Like the fabulous Gori Girl, I have a serious case of sari envy. In the mornings, I run past an Indian bridal boutique, my feet slowing as I take in the richly hued fabric sewn with tiny gold discs and glass beads. On weekends, I linger longer, pointing out my favorites to my husband, playing dress-up in my head. Behind the saris, though, are yet more gorgeous outfits: shalwar kameez glimmer in the half-shadow of the closed store, clinging to the mannequins just-so, their lines smooth and unflawed as a perfect cup of chai. On those runs, I promise myself I’ll come back when the store is open and try one on, just for the fun of it. If it’s a good fit, I tell myself, I might even buy it.
Lucky for our finances, the money is safe. I never walk to the boutique during open hours. Most days, the kidlet and I walk on the other side of the road, if not in the opposite direction, because my ego can’t handle walking into the store. My ego? I know, I know. It’s stood up to many things: women giggling at me in stores, men using my questionable ethnicity as a pick up line, even slights on my cooking. Truly, though, I can’t walk into an Indian boutique and try on a shalwar kameez--because I’m the wrong shape.
There’s a stereotype about Indian women: young women are short and sapling slender with thick black hair; older women are short, fat, and losing their thick black hair because it's busy migrating to their chins. While the stereotypes aren’t entirely true, there is one common factor--height.
I fit neither profile. Although I’m happy most of my hair is still on my head, my measurements are, in some ways, the bane of my rather pedestrian Indian life. I’m 5’9, have broad hips, and take a US 6. My shoulders are broad, my arms muscular from a combination of baby-toting and Pilates. My legs are relatively slim, save for my calves. My calves are thick, not sinewed, but well-muscled runner’s calves that eschew fitted pants of any sort. In European or Western clothing, I’m fine. Indian clothing, not so much. Modern shalwar kameez pants are, for me, a sad fashion catch 22: if they fit over my calves, pants reach only just past my knees; if pants reach past my knees, I can barely pull them over my calves.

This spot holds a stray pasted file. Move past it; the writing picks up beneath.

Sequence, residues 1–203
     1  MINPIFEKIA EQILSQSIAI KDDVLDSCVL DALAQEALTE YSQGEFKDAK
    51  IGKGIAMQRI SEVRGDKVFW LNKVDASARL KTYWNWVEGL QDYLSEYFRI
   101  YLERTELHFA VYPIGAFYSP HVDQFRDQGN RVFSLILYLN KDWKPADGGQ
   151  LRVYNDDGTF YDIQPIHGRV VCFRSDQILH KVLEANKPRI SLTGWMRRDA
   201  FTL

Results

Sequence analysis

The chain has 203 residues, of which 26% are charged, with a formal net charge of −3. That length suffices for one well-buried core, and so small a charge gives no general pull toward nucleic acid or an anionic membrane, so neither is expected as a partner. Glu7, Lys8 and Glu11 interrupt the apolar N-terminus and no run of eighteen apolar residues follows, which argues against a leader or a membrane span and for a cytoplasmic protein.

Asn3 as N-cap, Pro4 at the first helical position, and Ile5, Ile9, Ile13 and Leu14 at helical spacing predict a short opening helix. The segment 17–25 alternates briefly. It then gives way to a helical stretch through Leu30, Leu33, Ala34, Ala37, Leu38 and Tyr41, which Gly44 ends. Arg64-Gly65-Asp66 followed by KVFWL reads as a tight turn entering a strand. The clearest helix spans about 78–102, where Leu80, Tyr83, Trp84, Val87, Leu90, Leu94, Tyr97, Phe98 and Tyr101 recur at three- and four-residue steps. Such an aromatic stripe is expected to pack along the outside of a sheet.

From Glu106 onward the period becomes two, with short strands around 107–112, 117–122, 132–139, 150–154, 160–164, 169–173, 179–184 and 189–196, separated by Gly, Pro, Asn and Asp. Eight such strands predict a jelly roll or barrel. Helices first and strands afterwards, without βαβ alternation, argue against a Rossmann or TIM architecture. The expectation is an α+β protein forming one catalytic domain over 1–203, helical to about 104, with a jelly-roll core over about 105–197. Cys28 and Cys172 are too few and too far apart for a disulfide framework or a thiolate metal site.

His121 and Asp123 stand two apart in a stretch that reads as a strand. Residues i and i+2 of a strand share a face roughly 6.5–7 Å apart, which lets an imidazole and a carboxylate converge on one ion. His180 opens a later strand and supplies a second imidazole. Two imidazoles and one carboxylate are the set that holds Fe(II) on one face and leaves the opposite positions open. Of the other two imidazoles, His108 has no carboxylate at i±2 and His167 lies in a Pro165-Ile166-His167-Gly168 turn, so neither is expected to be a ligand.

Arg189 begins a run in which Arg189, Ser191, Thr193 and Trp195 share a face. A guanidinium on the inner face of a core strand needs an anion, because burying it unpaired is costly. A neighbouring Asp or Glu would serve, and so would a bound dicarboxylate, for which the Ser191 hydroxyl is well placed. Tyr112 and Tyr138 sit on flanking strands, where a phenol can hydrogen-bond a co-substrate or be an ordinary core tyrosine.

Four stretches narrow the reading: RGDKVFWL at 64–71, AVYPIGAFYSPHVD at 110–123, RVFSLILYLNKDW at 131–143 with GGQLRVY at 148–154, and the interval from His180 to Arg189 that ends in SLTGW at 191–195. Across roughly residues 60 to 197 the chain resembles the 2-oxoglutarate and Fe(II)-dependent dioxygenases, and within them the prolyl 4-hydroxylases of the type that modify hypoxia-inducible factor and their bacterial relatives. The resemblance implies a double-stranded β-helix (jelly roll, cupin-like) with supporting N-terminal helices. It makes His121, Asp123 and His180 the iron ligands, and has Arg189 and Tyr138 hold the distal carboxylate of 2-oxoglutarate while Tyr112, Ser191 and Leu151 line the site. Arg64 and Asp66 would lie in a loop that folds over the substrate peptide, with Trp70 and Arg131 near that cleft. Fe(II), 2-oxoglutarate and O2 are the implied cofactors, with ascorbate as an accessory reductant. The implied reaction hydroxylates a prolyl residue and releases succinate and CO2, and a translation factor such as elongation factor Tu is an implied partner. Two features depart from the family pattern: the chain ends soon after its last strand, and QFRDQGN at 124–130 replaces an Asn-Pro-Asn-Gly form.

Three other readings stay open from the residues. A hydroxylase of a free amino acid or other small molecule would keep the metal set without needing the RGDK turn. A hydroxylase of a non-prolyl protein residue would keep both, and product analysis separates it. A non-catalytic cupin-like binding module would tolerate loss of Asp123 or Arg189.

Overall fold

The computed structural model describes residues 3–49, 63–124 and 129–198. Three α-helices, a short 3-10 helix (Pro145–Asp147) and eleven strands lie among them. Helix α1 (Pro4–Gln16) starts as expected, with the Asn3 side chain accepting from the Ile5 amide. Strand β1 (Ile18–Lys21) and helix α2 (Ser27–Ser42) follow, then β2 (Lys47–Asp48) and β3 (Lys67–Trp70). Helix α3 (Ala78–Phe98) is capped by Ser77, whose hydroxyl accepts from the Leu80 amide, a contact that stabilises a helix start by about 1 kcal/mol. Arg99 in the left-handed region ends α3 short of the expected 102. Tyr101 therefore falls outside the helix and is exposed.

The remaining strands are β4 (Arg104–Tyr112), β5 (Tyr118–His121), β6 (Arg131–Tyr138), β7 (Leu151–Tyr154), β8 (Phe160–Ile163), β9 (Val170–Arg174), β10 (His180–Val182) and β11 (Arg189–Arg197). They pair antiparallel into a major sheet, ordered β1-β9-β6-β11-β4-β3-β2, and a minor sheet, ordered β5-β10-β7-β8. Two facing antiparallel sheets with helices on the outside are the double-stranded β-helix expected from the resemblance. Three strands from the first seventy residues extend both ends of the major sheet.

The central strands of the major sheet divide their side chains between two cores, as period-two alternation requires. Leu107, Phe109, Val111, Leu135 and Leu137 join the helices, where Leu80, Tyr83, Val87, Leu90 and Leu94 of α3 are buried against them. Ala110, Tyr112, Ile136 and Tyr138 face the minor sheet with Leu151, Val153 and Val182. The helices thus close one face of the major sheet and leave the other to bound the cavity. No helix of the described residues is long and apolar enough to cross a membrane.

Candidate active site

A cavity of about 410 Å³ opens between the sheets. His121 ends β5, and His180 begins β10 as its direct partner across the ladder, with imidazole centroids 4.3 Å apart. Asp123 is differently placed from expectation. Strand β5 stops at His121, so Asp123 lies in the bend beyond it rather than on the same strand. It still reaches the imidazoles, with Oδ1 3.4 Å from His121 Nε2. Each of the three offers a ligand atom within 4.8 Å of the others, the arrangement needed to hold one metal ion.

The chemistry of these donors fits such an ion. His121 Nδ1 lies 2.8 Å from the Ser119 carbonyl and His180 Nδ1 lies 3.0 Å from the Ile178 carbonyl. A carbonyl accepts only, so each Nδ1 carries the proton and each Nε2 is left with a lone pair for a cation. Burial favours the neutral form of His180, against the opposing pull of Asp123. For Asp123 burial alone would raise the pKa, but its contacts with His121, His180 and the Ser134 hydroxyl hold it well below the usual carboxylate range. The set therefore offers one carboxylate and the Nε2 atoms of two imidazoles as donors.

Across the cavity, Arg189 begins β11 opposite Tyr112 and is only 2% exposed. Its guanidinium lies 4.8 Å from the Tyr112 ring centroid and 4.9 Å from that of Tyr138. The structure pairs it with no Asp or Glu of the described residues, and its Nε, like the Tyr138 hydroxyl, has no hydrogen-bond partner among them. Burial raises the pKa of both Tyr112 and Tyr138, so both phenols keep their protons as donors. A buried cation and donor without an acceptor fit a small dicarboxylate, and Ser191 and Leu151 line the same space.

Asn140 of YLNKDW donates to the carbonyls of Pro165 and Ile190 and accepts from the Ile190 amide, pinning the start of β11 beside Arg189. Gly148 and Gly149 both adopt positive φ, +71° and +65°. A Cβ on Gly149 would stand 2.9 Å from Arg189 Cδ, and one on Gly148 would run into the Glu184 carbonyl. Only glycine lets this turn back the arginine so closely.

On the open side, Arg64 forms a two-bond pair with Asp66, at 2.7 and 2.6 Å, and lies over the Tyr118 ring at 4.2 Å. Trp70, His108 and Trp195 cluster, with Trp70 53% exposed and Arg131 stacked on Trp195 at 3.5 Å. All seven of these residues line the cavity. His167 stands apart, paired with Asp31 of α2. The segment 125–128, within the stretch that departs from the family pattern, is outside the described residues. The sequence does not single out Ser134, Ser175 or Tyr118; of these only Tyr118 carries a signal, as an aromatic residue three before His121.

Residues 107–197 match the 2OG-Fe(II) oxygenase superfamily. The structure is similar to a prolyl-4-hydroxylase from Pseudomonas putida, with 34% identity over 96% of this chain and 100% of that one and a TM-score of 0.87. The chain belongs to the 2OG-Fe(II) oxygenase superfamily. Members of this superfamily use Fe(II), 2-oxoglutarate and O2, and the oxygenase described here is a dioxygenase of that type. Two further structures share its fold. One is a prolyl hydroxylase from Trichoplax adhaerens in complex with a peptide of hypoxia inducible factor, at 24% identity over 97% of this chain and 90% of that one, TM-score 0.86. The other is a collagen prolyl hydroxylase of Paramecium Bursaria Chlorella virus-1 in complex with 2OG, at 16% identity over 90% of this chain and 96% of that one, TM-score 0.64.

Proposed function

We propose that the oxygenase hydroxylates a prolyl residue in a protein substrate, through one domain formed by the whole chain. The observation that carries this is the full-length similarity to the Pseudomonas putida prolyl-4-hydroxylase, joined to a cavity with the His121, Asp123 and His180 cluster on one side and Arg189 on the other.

According to my mother--and mothers everywhere--it’s what’s on the inside that counts. My Indianness is, or should be, innate. I should know it without the trappings, without worrying about my coloring or my calf-size. Yet when in doubt, acting like a duck, or an Indian, makes me feel more Indian, more like I belong. But there is only so much dal a girl can eat, only so many bangles she can wear (I did get lucky in the bangle department: I have small, flexible wrists and can wear most kids’ jewelry). Worse, my pale-as-milk sister-in-law wears shalwar kameez and saris more often than I do, because, skin color aside, she fits the profile: she’s slim and short, with regular-sized calves. While I have three saris tucked away in my overstuffed wardrobe, Susan* has an entire chest brimming with saris and kameez that would make most women weep.
Boston and Cambridge have a lot of Indians. There are at least four Indian restaurants in nearby Harvard Square, another two in Davis, and more opening all the time. Exit my front door and walk in any direction and you’ll eventually hit an Indian restaurant or grocer. They’re as ubiquitous as poor weather days and Red Sox caps. Unlike home, not many of the younger women wear kameez in public. Once upon a time, I’d look at any Indian woman and turn green (or at least a paler shade of camel) with kameez envy. Recently, though, I’ve noticed a trend: more and more of these young, modern Indian women look like me. True, they have darker skin and much better hair, but they’re also tall--each generation is a little taller than the last. Most sport the legacy of a fit and healthy lifestyle: some have yoga arms and shoulders; others have runner’s or dancer’s calves. Indian women, as a whole, are changing. Some may be half-Indian like me, others just a genetic jackpot of height and muscle. A new stereotype is emerging, fast enough that one day soon, I may actually fit some semblance of “Indian figure”. So while I mayn’t be wearing kameez today, I might just find the perfect fit tomorrow, or the next day, or the next...
Do you wear shalwar kameez? Do you have trouble finding kameez that fit? Or are you a sari girl?
*Name changed to protect the fashionable